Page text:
Fiat:  So your career really took off from there?

Lauren: Actually, it took about three years of just…struggling. And trying and failing and struggling some more. It was hard. Honestly, I would cry. I remember going to the bathroom or driving home...and I would just cry, like...”I can’t do this, I’m not good enough. What am I doing?”

Fiat: And how did you get through those struggles and hard days? I am pretty sure many of us can relate to that - especially early on in our careers.

Lauren:  The thing that made me stick through it... well, it was a few things. I had kids. I had to provide for them. But also - I saw my potential. I'm like, deep down...I know I can do this. I can really do this. And I knew I could help many people, you know, if I stick with it. So, I did - and eventually I got over that hump, and built a fantastic client base. The people that I had met with, you know, in year one, we're starting to retire and come back. Sometimes, you meet with people who're not ready to work with you. The timing had to be right. Maybe they're retiring in a couple of years or just not ready for whatever reason. I had met so many wonderful people who weren't ready, and then suddenly, it was like...Boom. They wanted to work with me. They were ready to trust me with their financial plan. It all kind of happened at once, like a "pop! And it all clicked.

Fiat: At that firm, you started to lean into a specific "niche" of financial planning. can, you talk about that?

Lauren: Our niche was federal employees. They've got all these robust benefits that we helped integrate with their overall financial plan. And there's not a lot of financial advisors that really understand that clientele. What I've found is when you do understand their benefits people really respond well to that, because it is it's not just a pension,there's a lot of nuances in their plan and their planning and if you don't know about them you could make some mistakes. I did that for about ten years. It’s what I cut my teeth on. It was a really good experience, but I was not growing in the way where I saw myself growing, so I joined a more prominent firm.  Larger than where I was, but still small, still independent. I've always been in the independent space. So I did that for a couple of years, and then that path brought me here to Fiat.

Fiat:  So what made you think that Fiat was the right fit at this point in your career?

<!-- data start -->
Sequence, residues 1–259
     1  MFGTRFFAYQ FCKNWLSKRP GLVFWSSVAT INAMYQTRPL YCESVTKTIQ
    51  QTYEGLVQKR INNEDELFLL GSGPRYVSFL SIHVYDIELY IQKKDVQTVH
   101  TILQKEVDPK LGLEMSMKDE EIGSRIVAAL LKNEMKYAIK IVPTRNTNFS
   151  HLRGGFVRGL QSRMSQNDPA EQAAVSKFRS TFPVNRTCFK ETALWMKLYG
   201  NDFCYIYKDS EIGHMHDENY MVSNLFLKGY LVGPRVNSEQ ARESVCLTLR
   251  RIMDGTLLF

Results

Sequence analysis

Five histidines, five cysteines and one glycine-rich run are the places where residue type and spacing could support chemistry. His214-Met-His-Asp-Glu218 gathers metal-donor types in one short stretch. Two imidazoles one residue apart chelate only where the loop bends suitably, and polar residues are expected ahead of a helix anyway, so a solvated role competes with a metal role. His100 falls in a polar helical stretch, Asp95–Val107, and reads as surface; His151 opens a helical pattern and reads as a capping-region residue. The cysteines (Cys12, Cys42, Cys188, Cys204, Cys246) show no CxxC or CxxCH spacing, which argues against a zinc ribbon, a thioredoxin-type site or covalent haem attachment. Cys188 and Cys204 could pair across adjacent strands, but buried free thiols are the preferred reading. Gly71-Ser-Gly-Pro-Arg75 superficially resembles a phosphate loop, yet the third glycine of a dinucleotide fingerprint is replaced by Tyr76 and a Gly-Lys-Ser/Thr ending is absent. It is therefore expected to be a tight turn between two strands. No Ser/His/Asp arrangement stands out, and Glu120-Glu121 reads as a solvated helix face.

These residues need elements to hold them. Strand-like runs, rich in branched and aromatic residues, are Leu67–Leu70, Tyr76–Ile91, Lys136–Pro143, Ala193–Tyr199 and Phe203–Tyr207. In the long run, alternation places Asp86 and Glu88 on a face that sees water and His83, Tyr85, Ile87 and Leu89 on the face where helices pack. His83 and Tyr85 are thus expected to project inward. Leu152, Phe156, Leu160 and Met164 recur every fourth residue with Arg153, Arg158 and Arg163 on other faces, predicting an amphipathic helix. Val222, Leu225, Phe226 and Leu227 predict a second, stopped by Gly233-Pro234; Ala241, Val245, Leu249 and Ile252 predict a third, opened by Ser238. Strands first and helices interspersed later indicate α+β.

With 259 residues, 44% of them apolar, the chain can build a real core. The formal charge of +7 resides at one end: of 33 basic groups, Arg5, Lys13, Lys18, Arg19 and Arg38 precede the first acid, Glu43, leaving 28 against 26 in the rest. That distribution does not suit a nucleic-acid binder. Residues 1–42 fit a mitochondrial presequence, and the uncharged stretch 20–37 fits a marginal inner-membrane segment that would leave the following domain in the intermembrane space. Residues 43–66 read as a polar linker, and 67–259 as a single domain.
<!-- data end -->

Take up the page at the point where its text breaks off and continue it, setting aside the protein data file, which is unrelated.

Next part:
Lauren:  Well, first of all, I just really think it's just got a great culture. I love that we offer just a ton of education. I love that aspect of it. I don't like firms that say, "If you work with us, then you can get all of this help and education," For me, I'm like... I've got the knowledge, and it's 30 minutes of my time, and if can set someone on the right path in that conversation. It doesn't matter if you're a client. I will do that all day long. And I love that because I want to be able to help people first and foremost. That's always been my M.O. And Brad, [Fiat CEO] gets that and is like that too. The support and mentorship for women here are just incredible. You don't always get that in a male-dominated industry. Our COO [Ashley Milot] is a woman, among other department leaders. Empowering other women has become critically important to me, and I know all the women at the firm feel the same way. They all support each other and lift each other up.

Fiat: I know you're really passionate about helping women. Can you talk more about that?

Lauren:  I have been in the industry for 13 years now, and I've seen a lot of things and met with a lot of people and a lot of women. When I met with them, there were obviously different nuances and things, but I noticed that many of their questions and concerns were the same. I started to see the lack of education and support for educating and empowering women financially. I could understand their concerns and their struggles. I could empathize with and guide them through everything I've personally gone through. Like, I've got kids. I'm divorced. I'm a single mom. I have a busy career. I'm a homeowner. I've done that a lot, you myself. I didn't always have a lot of help navigating the complexity of those things, so I want to be that sounding board for other women, Someone who you trust, who has your best interest at heart, and who knows what you’re going through in a very specific way. I've done all the scary things women can do in life, and I sometimes wondered how I would get through any of it. But I always did, somehow. And I want other women to know that they will, too. I continue to believe women can have it all. If we help and empower each other… we can do it together, and we can have it all.

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Every Day is Saturday

Our job begins where most advisors stop—saving money is great, but how do you spend it without risk in retirement? Welcome to Every Day is Saturday with Brad Gotto and Matt Stahl, partners and private wealth managers at Fiat Wealth Management.

In this podcast we help guide you to think about your money in a practical sense and make the boring and complex financial decisions, fun, informative and educational. Join us on this journey where Brad and Matt will explore different strategies on how to spend your money without guilt and have peace of mind knowing you are spending it the optimal way in retirement.

You’ve saved money for a lifetime. Now it’s time to spend it.

In Spending Money and Having Fun, Retirement Income Certified Professional Brad Gotto teaches you how to be smart about spending so you can stop worrying and live the life you want. Old habits are hard to break, but Brad helps you embrace the counterintuitive and build new habits to support your next chapter. You’ll learn how to:

  • Change your mindset around spending

  • Create boundaries that buy you freedom

  • Gain peace of mind with concepts that take the guesswork out of your financial requirements